Page Banner

United States Department of Agriculture

Agricultural Research Service

Research Project: Managing and Conserving Diverse Bee Pollinators for Sustainable Crop Production and Wildland Preservation

Location: Pollinating Insect-biology, Management, Systematics Research

Title: Nutritional regulation of phenotypic plasticity in a solitary bee

Author
item Fischman, Brielle
item Pitts Singer, Theresa
item Robinson, Gene

Submitted to: Environmental Entomology
Publication Type: Peer Reviewed Journal
Publication Acceptance Date: 6/12/2017
Publication Date: 7/24/2017
Citation: Fischman, B.J., Pitts Singer, T., Robinson, G.E. 2017. Nutritional regulation of phenotypic plasticity in a solitary bee. Environmental Entomology. doi: 10.1093/ee/nvx119.

Interpretive Summary: That larval nutrition plays a role in whether a larva goes into diapause (a period of quiescence) or continues to develop so that is becomes an adult without spending time in diapause is a proposed ancestral ground plan for the evolution of social insect castes (queens, workers, and drones). We performed comparative analyses of the solitary alfalfa leafcutting bee and the eusocial honey bee to explore this hypothesis. We investigated how larval nutrition affects developmental flexibility, gene expression, and female reproductive behavior in alfalfa leafcutting bees. Field surveys and laboratory manipulations of larval diet quantity demonstrated nutritional control of whether or not bees entered into diapause. Manipulation of larval diet quality through the addition of royal jelly, the caste-determining substance of honey bees, increased the probability of alfalfa leafcutting bee larvae entering into diapause. We also found a significant overlap between genes that respond to nutritional manipulations in alfalfa leafcutting bees and genes associated with caste determination in social bees. Finally, as in social bees, larval nutrition affected female reproductive behavior in alfalfa leafcutting bees. These results support the hypothesis that two striking forms of flexibility in developmental outcomes, diapause and caste determination, are evolutionarily related in bees.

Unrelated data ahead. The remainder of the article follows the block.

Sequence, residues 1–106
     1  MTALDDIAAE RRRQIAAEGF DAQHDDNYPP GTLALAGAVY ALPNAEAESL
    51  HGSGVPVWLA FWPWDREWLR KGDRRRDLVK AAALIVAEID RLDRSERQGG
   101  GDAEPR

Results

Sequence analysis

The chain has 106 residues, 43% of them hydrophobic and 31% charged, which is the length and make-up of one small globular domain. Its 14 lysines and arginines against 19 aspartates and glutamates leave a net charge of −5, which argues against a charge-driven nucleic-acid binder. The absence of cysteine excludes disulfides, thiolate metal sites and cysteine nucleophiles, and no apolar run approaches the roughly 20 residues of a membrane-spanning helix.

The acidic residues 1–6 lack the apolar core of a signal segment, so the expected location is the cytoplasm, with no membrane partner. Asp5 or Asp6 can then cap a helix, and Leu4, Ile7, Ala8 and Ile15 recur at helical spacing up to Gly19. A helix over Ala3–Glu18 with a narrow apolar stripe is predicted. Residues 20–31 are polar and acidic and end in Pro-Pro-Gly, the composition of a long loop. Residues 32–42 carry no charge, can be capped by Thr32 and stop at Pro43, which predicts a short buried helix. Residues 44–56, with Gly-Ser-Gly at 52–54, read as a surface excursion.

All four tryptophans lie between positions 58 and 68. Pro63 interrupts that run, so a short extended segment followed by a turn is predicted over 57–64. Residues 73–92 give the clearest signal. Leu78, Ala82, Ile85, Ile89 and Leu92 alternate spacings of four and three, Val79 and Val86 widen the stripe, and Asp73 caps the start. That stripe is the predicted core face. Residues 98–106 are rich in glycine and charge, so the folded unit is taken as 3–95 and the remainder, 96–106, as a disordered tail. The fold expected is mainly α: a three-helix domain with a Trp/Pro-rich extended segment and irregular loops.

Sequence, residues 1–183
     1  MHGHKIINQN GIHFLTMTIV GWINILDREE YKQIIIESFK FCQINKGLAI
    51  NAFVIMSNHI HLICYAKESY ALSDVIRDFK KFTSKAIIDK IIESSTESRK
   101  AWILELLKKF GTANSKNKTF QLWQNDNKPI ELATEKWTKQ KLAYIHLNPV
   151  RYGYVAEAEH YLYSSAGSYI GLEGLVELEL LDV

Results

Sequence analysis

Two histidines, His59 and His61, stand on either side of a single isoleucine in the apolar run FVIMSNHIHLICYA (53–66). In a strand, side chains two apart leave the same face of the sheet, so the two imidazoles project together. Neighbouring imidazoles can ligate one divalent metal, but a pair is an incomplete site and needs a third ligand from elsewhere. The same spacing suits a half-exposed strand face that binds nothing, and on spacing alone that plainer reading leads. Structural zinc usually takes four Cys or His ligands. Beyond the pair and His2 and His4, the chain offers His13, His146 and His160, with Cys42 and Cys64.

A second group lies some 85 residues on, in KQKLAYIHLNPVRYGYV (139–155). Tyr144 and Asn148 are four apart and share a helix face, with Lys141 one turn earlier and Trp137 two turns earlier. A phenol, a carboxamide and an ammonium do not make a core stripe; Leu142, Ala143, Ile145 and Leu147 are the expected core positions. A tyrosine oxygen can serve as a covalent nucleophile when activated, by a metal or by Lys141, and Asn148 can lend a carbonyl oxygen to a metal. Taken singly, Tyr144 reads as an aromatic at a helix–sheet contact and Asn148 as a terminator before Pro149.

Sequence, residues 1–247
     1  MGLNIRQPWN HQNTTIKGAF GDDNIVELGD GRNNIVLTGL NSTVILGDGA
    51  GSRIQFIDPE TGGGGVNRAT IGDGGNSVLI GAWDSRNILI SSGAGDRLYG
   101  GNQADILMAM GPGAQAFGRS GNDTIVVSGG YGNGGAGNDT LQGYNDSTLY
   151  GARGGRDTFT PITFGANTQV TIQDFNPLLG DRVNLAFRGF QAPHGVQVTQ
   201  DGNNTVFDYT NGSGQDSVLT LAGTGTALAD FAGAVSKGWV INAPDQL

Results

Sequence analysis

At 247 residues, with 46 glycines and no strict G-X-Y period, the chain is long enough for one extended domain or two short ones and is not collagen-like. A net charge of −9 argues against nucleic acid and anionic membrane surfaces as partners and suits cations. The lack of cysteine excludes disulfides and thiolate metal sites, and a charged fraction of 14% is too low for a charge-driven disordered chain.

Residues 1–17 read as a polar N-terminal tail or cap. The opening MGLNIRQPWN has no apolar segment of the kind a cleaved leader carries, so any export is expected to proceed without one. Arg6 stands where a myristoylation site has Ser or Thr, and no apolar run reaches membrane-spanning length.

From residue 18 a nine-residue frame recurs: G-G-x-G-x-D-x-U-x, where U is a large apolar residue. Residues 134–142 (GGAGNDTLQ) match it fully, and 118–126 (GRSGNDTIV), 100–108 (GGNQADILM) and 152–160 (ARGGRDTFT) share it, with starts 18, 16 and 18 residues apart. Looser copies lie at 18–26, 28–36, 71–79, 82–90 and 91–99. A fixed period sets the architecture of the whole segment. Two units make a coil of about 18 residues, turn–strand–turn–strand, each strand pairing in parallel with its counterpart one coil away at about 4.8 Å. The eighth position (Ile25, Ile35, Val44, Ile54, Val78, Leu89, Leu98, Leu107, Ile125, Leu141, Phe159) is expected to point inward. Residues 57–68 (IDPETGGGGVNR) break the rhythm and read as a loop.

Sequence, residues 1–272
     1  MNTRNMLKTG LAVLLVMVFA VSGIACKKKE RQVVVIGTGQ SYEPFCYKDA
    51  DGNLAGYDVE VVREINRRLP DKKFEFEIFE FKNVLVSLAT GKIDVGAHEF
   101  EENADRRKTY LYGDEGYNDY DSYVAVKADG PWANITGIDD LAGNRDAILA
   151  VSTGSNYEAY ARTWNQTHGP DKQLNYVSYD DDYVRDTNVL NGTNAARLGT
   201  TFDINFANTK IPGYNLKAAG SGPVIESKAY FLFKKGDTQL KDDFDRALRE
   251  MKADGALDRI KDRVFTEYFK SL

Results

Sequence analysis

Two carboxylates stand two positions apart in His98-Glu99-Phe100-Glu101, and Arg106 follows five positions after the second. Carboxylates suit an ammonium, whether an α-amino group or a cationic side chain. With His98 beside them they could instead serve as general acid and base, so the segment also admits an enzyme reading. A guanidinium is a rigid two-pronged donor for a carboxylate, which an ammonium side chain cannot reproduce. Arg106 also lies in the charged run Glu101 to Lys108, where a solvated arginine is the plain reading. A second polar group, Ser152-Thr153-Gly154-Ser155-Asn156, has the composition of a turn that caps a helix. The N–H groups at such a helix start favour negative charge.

Technical Abstract: Nutrition-dependent developmental plasticity for larval diapause is a proposed ancestral ground plan for the evolution of social insect castes. We performed comparative analyses of the solitary alfalfa leafcutting bee, Megachile rotundata, and the eusocial honey bee, Apis mellifera, to explore this hypothesis. We investigated how larval nutrition, a prominent regulator of social bee caste determination, affects diapause plasticity, gene expression, and female reproductive behavior in M. rotundata. Field surveys and laboratory manipulations of larval diet quantity demonstrated nutritional regulation of diapause plasticity in M. rotundata. Manipulation of larval diet quality through the addition of royal jelly, the caste-determining substance of A. mellifera, increased the probability of diapause in M. rotundata. We also found a significant overlap between genes that respond to nutritional manipulations in M. rotundata and genes associated with caste determination in social bees. Finally, as in social bees, larval nutrition affected female reproductive behavior in M. rotundata. These results support the hypothesis that two striking forms of phenotypic plasticity, diapause and caste determination, are evolutionarily related in bees.

Last Modified: 09/25/2017
Footer Content Back to Top of Page